|Publication number||US6827332 B2|
|Application number||US 10/279,046|
|Publication date||7 Dec 2004|
|Filing date||22 Oct 2002|
|Priority date||23 Oct 2001|
|Also published as||DE10152172A1, DE50211821D1, EP1306546A2, EP1306546A3, EP1306546B1, US20030094516|
|Publication number||10279046, 279046, US 6827332 B2, US 6827332B2, US-B2-6827332, US6827332 B2, US6827332B2|
|Inventors||Juergen Hanneke, Daniel Koehler|
|Original Assignee||Robert Bosch Gmbh|
|Export Citation||BiBTeX, EndNote, RefMan|
|Patent Citations (10), Referenced by (12), Classifications (12), Legal Events (5)|
|External Links: USPTO, USPTO Assignment, Espacenet|
The present invention relates to a solenoid valve.
Such a solenoid valve is referred to, for example, in European Published Patent Application No. 0 690 223, in which the solenoid valve is used to control an electrically controlled fuel injector.
Such a solenoid valve is also referred to, for example, in German Published Patent Application No. 196 50 865, in which the solenoid valve has an armature having a multi-part construction. To avoid post-pulse oscillation of an armature plate after the solenoid valve has closed, a damping device is provided on the armature.
In solenoid valves, a magnet assembly, for example, maybe screwed to an injector body or fuel injector housing using a magnet lock nut. The relatively complex and costly mounting required for this screw connection may be disadvantageous. In addition, magnet lock nuts may loosen during operation of the solenoid valve, which may impair the reliability and effectiveness of the solenoid valve. Magnet lock nuts should be manufactured from a relatively hard material, such as steel alloys, for example, ETG 100.
An object of the present invention is to provide an improved option for connecting the magnet assembly and injector body of a solenoid valve.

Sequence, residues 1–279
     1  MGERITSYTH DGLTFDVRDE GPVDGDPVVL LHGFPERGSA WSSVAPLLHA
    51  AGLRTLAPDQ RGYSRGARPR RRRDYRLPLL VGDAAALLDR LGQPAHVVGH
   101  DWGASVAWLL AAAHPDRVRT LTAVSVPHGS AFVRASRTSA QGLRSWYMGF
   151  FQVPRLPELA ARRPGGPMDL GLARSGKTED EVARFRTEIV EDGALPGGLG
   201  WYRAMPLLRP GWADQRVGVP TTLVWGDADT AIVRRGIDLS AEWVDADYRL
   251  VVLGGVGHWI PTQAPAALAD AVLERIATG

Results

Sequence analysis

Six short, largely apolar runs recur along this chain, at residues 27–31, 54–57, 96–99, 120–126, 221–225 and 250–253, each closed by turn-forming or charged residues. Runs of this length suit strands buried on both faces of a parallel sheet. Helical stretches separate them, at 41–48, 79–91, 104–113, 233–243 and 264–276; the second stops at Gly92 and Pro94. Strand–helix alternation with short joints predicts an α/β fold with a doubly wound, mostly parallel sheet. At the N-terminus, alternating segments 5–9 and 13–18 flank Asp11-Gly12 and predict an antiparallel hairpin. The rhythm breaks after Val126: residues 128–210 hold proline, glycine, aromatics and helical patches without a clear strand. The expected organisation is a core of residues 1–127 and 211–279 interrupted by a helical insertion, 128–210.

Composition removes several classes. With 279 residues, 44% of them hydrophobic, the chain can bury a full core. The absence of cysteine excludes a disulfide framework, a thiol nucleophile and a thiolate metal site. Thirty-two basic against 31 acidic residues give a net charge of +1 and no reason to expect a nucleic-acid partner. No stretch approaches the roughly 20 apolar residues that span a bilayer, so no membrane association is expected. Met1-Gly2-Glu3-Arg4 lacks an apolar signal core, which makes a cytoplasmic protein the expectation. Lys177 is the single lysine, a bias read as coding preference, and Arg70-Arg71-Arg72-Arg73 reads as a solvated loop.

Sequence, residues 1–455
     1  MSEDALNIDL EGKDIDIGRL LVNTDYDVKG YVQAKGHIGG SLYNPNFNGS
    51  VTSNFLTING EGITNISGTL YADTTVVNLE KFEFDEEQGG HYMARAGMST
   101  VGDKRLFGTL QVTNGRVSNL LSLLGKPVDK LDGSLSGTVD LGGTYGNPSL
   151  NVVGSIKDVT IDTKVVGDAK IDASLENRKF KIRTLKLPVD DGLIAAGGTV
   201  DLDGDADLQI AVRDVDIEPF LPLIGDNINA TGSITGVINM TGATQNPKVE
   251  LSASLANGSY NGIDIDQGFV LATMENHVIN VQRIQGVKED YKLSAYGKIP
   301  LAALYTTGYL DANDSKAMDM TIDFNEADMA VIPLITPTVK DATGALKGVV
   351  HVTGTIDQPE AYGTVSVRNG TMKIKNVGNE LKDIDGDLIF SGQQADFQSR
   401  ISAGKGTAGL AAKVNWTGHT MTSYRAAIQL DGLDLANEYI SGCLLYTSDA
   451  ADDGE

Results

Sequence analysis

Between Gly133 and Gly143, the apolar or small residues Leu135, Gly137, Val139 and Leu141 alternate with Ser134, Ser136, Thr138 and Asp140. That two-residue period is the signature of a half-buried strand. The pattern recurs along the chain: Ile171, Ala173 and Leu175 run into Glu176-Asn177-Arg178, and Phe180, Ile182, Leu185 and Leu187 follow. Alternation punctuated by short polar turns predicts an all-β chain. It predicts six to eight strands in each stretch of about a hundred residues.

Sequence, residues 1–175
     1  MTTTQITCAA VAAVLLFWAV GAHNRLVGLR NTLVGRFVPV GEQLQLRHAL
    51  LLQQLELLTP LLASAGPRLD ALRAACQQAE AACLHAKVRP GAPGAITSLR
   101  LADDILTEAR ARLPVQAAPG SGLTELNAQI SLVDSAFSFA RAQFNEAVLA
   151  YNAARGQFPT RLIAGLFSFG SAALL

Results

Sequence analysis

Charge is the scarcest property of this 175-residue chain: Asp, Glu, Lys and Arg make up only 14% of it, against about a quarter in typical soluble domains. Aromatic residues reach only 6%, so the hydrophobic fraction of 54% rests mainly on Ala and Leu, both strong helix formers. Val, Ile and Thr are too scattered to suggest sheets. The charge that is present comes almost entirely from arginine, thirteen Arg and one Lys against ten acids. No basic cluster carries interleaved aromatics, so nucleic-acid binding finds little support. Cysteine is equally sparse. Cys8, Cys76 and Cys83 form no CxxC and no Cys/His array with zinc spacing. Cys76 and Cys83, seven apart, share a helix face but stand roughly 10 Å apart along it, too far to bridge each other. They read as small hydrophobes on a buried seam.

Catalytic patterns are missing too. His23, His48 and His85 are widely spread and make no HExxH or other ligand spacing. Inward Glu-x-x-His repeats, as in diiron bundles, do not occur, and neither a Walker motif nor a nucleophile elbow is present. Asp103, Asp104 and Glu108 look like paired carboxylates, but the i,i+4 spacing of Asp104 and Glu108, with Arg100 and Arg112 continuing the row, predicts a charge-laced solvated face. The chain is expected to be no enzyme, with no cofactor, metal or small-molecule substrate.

Using an exemplary approach according to the present invention, it is believed that an injector body may be mounted on a magnet assembly more simply and less costly, compared with conventional approaches. An installation tool, which is required for this operation, may be easier and more economical to provide, compared to open-end wrenches (controlled via a screw station having a force transducer) customarily used for tightening magnet lock nuts. During installation according to the present invention, the connecting element is uniformly deformed, whereas with tightened magnet lock nuts, an oval or non-uniform deformation has been observed. To achieve the connection according to the present invention, bolts may be used which, in a uniform manner or in segments of equal size, exert pressure circumferentially on the retaining ring used as the connecting element. The described connection according to the present invention may allow the cycle time to be reduced during the manufacture of solenoid valves, so that exemplary solenoid valves according to the present invention may, for example, be suitable for mass production.
The retaining ring may, for example, include two crimped edges that cooperate with the corresponding grooves and/or projections of the injector body or magnet assembly, respectively. The two crimped edges help assure a firm connection between the magnet assembly and the injector body, in a robust and reliable manner.
According to one exemplary solenoid valve of the present invention, the retaining ring is more elastic than the magnet lock nuts. The required elasticity is determined by particular circumstances, and the connecting ring may include, for example, stainless steel alloys, such as 1.4303 or 1.4301 alloys.
The retaining ring may include a lateral recess. Such a recess may, for example, be used as a rupture point or break point, so that the retaining ring may be easily detached, to loosen the connection between the magnet assembly and the injector body. This helps ensure that no contaminations appear when the solenoid valve is disassembled. For example, the formation of particles or shavings, which may appear when loosening conventional magnet lock nuts, may be prevented.
FIG. 1 is a side view of a conventional solenoid valve, in which the magnet assembly and the injector body are joined together by a magnet lock nut.
FIG. 2 is a schematic side view of a first exemplary solenoid valve according to the present invention.
FIG. 3 is a non-cutaway side view of the solenoid valve illustrated in FIG. 2.